It's a brilliant small book - especially knowing it was written so long ago: 1942..... but it's timeless.
Is everything the same as everything else? Does it matter who we marry or if we marry? Does it matter if we live or die? Must murder have a meaning? ...more
Even if we exist in a world devoid of meaning, why is it that our actions still bear so much weight? The crime and punishment of Nobel Prize winning author Albert Camus’ academically canonized The Stranger depicts the ironies of enforcing meaning in a void and the absurdities that surround us as humans walking towards the same cold, lifeless fate. ‘Since we're all going to die,’ writes narrator Meursault, ‘it's obvious that when ...more
I cannot help comparing the hollowness, the emptiness in Meursault’s soul to the soldier in Hemingway’s short story “Soldier's Home”. But in that story, Hemingway describes a change from the war and his reactions are connected with his recent martial experiences.
Camus makes no mention of Meursault’s past experience, his emptiness is fundamental to his soul, and his reaction is to the world in general. Camus introdu ...more
The protagonist of "The Stranger" is a completely introverted and emotionless man named Meursault, who waits for his execution in his prison cell. He was convicted for murder, after shooting a man without apparent reason. His conviction was based on his indifference, rather than the actual crime.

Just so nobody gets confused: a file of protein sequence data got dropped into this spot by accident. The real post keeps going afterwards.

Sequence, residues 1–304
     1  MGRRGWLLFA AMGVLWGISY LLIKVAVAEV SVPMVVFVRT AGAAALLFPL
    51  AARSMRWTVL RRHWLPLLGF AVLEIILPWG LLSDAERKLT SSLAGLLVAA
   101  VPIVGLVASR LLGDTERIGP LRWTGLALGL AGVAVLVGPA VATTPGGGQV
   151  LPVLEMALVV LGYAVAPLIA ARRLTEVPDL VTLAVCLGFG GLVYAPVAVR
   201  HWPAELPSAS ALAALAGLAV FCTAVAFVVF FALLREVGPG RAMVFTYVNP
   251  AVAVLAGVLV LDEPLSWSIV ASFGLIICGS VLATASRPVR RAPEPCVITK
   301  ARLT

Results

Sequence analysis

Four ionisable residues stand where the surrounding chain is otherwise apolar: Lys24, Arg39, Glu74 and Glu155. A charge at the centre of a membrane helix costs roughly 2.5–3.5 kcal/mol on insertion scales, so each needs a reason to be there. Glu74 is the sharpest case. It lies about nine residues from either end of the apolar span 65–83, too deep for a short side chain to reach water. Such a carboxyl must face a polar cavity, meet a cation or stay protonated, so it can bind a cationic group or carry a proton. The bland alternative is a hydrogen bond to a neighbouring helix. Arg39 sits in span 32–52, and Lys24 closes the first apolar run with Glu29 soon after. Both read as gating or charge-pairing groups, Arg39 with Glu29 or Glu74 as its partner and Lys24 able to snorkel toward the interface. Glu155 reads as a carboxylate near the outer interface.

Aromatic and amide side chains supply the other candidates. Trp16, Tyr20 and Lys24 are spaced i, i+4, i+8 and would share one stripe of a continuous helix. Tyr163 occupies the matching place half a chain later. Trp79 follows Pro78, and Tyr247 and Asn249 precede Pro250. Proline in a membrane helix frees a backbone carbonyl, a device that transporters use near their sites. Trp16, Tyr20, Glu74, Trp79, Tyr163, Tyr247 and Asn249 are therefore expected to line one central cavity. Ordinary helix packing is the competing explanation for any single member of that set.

The book is written exclusively from Mersaults subjective perspective, which deprive ...more
"Mother died today. Or yesterday maybe, I don't know."
The laconic style sets an invariable counterpoint to the poetic, occasionally ornamented artistic language.
Albert Camus gilded as one of the most important literary and philosophical thinkers of the post-war period. The Nobel Prize laureate of 1957, which also focused on political questions before. The novel is an absurd work, up to the last sentence. He is also in the position in which the death-journey of a ...more
“Mother died today. Or, maybe, yesterday; I can't be sure.”
The Stranger is a 1942 novel by Albert Camus, often cited as a prime example of Camus' philosophy of the absurd and existentialism. The story's protagonist Meursault is an indifferent French Algerian, who hardly partakes of the traditional Mediterranean culture. Meursault's initial musings at the very beginning of the story are the groundwork of the plot, as his indifference at his mother's funeral baffles everyone present there.
As a ...more
The protagonist, Meursault, just doesn’t give a fuck about anything. He just doesn’t care; he is totally indifferent about where he is and who he is with, and it’s terrifying. He has no emotional responses. He is, without a doubt, dead inside. He can’t feel and he cannot empathise. He lives in the now, utterly unable to comprehend tomorrow or the past: he simply exists in the moment, experiencing all that h ...more